Scalability

Scaling hydrogen pipelines is not an easy challenge to tackle. Building new pipelines takes time and costs a lot of money, especially large-scale pipelines onshore and in the ocean. One factor that could hasten this process and make it cheaper is using the existing 3+ million miles in the US and 2+ million miles in the EU of natural gas pipelines to accommodate for hydrogen. As hydrogen molecules are much smaller than natural gas (CH4) and are usually transported at a higher pressure than existing pipelines, they are limited to only blend with 6% or lower in the pipeline for safety purposes. [11] A study led by Dr. Arun SK Raju and Dr. Alfredo Martinez-Morales from UC Riverside has found that “for a gas blend containing 10% hydrogen, the expected increase in (leak) flow rate is 5% compared to pure methane, while for a 20% hydrogen gas blend, the increase in leak flow rate is 10%.” [12] This leakage issue poses both safety and environmental concerns. Here you can find the current hydrogen blending limit in existing natural gas pipelines in selected countries. Thus, for higher hydrogen content to be transported in a blended pipeline, retrofitting and upgrading existing infrastructure must take place with the aforementioned economic cost in the economic viability.

Compressed Gaseous Hydrogen Tanks

According to the DOE’s Office of Energy Efficiency & Renewable Energy, gaseous hydrogen is the most common way of transporting hydrogen today [13]. Most hydrogen is produced at 20 to 50 bar of pressure and must be compressed further to 180 bar or higher for better economics in storage and transportation. Compressed gaseous hydrogen gas tanks are mainly transported on the road by trucks, also called tube trailers, or in pipelines which we explored above.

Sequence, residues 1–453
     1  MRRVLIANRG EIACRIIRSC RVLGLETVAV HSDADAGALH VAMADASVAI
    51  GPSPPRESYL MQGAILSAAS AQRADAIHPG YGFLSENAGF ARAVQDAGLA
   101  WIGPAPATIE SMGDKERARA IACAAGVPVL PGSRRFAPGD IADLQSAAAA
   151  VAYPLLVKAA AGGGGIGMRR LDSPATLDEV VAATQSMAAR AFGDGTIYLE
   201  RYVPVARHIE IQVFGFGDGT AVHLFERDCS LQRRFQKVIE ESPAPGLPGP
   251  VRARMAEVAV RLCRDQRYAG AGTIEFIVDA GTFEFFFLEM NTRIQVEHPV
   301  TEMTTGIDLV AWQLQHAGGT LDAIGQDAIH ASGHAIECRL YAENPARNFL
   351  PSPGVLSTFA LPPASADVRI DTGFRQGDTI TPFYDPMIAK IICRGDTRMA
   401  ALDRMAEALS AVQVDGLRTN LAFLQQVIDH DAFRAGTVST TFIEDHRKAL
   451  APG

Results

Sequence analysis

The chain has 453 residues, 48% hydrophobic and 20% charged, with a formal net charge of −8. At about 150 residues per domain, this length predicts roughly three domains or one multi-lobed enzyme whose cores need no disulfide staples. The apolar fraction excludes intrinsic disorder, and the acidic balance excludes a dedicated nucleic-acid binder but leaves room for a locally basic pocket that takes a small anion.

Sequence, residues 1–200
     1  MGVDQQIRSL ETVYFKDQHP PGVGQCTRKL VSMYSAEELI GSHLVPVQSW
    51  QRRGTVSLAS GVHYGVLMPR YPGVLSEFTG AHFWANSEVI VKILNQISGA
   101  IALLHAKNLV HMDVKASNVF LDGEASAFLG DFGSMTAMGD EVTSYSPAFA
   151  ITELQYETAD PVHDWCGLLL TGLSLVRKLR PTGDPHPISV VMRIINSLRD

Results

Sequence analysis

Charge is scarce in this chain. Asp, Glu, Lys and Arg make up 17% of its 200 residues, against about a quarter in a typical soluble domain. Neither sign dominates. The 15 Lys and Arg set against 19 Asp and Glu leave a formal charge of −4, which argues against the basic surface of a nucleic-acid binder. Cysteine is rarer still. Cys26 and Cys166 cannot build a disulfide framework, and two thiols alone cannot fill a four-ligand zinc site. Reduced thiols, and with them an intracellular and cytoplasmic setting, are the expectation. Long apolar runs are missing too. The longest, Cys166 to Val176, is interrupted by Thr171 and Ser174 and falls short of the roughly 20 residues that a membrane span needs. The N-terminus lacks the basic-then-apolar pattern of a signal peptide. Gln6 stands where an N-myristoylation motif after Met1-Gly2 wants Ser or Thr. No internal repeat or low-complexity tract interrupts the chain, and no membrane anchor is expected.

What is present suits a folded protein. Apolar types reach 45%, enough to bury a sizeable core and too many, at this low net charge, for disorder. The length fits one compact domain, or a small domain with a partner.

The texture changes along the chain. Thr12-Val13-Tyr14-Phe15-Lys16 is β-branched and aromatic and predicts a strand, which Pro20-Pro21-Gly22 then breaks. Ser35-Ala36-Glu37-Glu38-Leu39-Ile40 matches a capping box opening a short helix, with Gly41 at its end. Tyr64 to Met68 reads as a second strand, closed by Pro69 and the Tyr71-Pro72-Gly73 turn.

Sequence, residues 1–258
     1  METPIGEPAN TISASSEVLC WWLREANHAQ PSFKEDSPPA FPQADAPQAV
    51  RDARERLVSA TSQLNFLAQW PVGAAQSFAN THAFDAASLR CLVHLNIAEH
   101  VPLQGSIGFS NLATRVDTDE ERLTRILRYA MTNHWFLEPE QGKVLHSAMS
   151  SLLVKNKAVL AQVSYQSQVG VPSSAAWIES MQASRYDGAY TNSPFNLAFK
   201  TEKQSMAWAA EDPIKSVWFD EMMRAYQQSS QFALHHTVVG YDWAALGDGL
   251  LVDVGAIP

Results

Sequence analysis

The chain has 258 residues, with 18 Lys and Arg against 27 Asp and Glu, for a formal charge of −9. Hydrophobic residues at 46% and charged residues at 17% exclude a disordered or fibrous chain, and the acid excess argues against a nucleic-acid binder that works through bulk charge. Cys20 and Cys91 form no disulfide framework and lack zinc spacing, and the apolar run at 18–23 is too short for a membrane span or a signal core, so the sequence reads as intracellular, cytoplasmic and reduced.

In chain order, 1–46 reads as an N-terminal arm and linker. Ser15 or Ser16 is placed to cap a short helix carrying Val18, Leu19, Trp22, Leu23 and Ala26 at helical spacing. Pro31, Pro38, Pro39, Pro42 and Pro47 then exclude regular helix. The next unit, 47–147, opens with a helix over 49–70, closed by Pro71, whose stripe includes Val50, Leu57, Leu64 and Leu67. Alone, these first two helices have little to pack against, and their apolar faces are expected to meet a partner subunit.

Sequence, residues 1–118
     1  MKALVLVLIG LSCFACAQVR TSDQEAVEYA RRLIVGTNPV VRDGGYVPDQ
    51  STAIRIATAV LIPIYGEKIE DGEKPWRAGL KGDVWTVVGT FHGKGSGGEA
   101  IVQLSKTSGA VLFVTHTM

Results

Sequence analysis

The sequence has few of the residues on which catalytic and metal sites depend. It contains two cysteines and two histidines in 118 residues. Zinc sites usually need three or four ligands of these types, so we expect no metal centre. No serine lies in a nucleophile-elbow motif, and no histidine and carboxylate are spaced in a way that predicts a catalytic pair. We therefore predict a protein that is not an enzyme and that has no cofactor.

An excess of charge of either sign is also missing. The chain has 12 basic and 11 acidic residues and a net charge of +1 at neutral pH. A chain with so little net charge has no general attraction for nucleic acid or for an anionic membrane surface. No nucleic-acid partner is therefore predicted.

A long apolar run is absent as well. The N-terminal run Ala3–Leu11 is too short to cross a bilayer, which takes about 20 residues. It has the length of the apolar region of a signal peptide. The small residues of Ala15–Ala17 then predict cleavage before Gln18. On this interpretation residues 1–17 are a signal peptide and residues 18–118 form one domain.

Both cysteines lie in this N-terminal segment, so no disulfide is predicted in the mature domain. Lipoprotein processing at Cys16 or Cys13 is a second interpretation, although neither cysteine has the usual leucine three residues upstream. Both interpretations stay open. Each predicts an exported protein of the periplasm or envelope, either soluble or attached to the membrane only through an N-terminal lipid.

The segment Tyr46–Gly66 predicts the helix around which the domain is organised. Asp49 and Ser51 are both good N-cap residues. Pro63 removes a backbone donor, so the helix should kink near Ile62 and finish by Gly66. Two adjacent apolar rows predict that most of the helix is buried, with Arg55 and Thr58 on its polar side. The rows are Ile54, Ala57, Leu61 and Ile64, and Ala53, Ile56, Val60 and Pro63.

Economic Viability

According to a report from Hydrogen Insight and McKinsey & Company, the cost of transporting compressed gaseous hydrogen gas tanks from 0 km to 100 km is between 0.1-1 USD/kg and 100 km to 500 km is between 1-2 USD/kg. [9] Compared to transporting through pipelines, this is much more expensive. The reason why this is the most common way of transportation is that most companies can purchase a trailer on a semi-truck for hydrogen, which ranges between 50,000-100,000 USD per trailer, is much cheaper in capital expenditure than spending billions of dollars and years to build new infrastructure to bring down the OPEX significantly.

Figure 4. Bilateral trade announcements for global hydrogen trade until March 2022 [9]

Technological Readiness

The hydrogen tube trailer market is worth 276.3 Million USD in 2020 [14]. Being the most common way of transportation especially for short distances (<500 km), the technology for transporting gaseous hydrogen is readily available. The challenge arises when the quantity of hydrogen transported is large and/or at longer distances. Which leads us to the last question of its scalability.